Sat. May 25th, 2024

‘Fallout’s video game references go beyond homage.

By ki0nk Apr15,2024

Not only that, but there are Pip-Boys, Mr. Handy, and, naturally, Dogmeat the dog. Plus, they’re more than just for show.

For numerous reasons, some of which have previously been mentioned here, “Fallout” is receiving positive reviews (93 out of 85 on Rotten Tomatoes). Its main selling point is that, rather than ripping from other games’ plots and visual style in order to make an adaptation, it uses its own universe and story to create an entirely new adventure that might stand in for the original game. That is accomplished through meticulous labor in reproducing settings and in production design, all while maintaining a ‘Fallout’ quality.

In both instances, the utmost regard that the series’ developers have had for the games’ concepts since the late 90s is readily apparent. Again, smart choices, like using natural environments instead of the cardboard-mache effect of so many futuristic series with lots of sets and green screens, will make any long-term player feel at home, whether it’s in the first chapter’s fantastic bunker or the suffocating Wasteland that we explore when Lucy’s true quest to find her father begins. She also manages to make the most of the double-edged sword that is the screenplays and the production design by incorporating references and tributes that bring the series to life and provide exceptional consistency.

In many other shows and movies, we see winks as nothing more than fan service, with several tributes that aim just to tease the audience and serve more as a reference to the source material than an opportunity to explore the lore in greater depth. ‘Fallout’ pays a lot of respect to the almost dozen games in the series, but it also aims to provide context and meaning to the stories portrayed.

One example is the incorporation of pop culture references into the future world, just like in video games. ‘Grognak and the Ruby Ruins’, a cartoon series, and the Pip-Boy game playable in ‘Fallout 4’ are shown on television commercials right before the bombs go off at the beginning of the series. Naturally, the musicians featured in the video games share a friendship with the music from the Fallout series. In addition to being winks, they comment on the humans’ relationship with the bomb prior to its explosion.

Also, we’ll witness the strategic and dramatic usage of game objects, such when Lucy uses a stimpack to pierce herself during the first episode’s bunker explosion (which is, of course, practically an instinctive response in games). Alternatively, the pharmacological method of making Jet fight more aggressively.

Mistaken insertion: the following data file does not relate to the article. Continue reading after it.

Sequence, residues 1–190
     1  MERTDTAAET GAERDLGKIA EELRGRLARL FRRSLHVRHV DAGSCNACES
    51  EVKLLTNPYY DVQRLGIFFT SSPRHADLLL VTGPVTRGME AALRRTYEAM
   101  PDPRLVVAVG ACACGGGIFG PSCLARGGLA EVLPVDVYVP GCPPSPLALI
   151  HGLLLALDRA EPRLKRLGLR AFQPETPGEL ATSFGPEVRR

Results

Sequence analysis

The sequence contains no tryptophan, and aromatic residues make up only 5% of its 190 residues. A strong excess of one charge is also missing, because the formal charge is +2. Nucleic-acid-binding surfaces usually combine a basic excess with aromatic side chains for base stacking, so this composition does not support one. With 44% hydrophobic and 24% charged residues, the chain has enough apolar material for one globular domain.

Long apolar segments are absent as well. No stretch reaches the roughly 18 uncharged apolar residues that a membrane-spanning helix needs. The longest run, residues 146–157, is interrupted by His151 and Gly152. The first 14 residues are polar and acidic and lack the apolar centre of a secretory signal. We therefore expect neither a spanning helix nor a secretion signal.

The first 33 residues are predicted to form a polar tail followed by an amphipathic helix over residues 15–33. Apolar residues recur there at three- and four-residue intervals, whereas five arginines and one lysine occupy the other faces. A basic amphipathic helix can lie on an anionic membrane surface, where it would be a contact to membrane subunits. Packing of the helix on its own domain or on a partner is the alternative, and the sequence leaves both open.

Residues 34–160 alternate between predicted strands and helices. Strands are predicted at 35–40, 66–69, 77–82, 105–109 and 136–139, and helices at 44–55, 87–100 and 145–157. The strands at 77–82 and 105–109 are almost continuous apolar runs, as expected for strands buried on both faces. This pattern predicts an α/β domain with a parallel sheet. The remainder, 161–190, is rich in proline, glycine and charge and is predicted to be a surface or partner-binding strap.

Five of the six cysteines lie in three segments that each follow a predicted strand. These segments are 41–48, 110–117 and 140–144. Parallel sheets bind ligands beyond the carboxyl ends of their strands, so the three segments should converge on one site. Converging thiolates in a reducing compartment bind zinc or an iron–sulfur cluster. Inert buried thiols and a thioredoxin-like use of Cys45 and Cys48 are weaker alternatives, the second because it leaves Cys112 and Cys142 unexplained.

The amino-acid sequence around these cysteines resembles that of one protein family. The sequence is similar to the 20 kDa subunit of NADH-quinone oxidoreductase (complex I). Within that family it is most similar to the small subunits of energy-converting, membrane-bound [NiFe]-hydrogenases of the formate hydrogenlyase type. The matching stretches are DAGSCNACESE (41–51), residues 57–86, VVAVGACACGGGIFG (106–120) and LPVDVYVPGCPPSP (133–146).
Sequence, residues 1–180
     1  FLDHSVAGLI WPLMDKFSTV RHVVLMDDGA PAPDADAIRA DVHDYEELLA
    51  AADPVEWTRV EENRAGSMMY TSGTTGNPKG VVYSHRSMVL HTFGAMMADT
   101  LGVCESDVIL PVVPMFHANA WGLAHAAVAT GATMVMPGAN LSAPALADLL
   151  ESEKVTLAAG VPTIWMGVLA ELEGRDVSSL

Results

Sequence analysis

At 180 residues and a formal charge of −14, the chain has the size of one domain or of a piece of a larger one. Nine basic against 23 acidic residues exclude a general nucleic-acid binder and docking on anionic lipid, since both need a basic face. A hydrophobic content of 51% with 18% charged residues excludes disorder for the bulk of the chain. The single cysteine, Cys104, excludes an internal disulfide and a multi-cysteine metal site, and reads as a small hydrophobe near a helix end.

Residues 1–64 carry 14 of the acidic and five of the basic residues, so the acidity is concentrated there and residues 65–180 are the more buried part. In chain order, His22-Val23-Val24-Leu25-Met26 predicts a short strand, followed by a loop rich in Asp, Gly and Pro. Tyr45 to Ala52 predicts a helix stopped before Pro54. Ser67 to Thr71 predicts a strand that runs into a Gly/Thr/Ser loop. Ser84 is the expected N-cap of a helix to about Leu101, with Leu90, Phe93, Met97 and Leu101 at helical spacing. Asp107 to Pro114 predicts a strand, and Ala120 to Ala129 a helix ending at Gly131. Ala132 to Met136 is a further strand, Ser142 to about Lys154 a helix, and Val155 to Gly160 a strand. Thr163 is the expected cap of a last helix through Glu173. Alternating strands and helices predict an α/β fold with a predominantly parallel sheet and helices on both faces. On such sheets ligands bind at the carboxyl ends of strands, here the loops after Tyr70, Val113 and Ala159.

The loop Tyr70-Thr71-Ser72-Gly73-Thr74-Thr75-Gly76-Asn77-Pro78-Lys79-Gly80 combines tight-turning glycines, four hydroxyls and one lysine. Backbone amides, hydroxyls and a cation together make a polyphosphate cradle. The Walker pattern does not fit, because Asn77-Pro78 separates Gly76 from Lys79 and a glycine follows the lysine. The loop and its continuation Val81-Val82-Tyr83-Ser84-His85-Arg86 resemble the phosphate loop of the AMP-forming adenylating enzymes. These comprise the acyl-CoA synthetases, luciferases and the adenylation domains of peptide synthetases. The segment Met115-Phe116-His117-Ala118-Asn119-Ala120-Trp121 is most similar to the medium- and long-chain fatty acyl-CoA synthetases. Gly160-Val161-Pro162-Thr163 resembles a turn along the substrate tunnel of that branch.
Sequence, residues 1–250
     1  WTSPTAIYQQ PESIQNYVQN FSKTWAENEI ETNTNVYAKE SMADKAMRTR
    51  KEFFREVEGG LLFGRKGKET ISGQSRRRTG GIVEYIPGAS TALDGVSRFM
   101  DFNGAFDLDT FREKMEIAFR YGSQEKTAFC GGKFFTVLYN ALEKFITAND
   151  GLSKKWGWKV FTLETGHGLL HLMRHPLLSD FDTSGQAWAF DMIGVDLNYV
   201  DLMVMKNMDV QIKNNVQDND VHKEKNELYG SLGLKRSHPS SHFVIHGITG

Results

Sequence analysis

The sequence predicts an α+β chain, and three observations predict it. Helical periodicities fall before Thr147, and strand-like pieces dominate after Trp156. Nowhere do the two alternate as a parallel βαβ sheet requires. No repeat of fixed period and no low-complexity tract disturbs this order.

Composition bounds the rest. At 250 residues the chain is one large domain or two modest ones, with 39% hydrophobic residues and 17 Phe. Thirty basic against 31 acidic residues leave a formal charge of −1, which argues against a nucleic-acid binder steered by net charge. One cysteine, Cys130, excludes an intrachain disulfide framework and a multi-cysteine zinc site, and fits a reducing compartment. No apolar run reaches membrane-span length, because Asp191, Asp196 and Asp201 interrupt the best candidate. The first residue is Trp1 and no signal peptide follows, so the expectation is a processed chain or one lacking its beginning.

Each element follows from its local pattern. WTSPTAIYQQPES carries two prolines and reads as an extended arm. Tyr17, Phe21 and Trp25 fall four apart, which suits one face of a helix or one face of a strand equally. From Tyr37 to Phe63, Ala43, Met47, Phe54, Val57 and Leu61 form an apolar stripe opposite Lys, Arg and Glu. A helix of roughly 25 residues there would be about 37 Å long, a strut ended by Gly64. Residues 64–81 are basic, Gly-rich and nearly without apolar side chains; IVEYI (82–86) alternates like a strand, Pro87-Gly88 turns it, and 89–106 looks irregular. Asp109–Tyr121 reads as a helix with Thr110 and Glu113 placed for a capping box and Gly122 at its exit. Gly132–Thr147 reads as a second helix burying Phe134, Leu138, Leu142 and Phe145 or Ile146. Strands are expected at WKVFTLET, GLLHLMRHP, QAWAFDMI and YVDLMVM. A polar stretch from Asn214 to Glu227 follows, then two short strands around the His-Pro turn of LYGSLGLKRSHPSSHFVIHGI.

Another significant reference: the dog that Dr. Siggi Wilzig saves—and whose name we’ll learn later in the series—is called Dogmeat—the same name as the dog that joins us in ‘Fallout 4’—and it literally initiates a major chunk of the plot. The appearance of a dog with the same name in the series is significant, as it helps the player empathize with Wilzig, given the intimate relationship we form with Dogmeat throughout the game.

There are a lot more, and they’re usually filled with the same wonderful taste; with this wink, we end this extremely brief review, but the Mr. Handy robots are equally important. Originally designed to be helpful, the Mr. Handys eventually malfunctioned or were reprogrammed to do evil. The show’s Mr. Handy is actually a medical robot with the ability to remove organs from humans. In episode 6, though, we meet Bartholomew Codsworth—an actor who lent his voice to Mr. Handy—in a standalone story. Naturally, Mr. Handy, who is with us throughout ‘Fallout 4’, goes by the name Codsworth.

Just over a week after its release on Amazon Prime Video, the Fallout TV series has become the talk of the town. A lot of people were surprised by how well the film adaptation of the popular video game series held up. Lately, there has been a proliferation of high-quality film and television adaptations of video games. After decades of some very terrible remakes of classic games, fans are understandably wary. When I say that, I’m referring to movies like Monster Hunter and Assassin’s Creed. The question is, though, what precisely distinguishes a decent video game adaptation from an awful one?

Hollywood gets adaptations a lot of things right (and a lot of things wrong). A lot of times, the games that get adapted into TV shows and movies are almost sacred to the most devoted followers. They have a lot of pressure to stay faithful to the original content, yet there are a number of ways they could fail at this first test.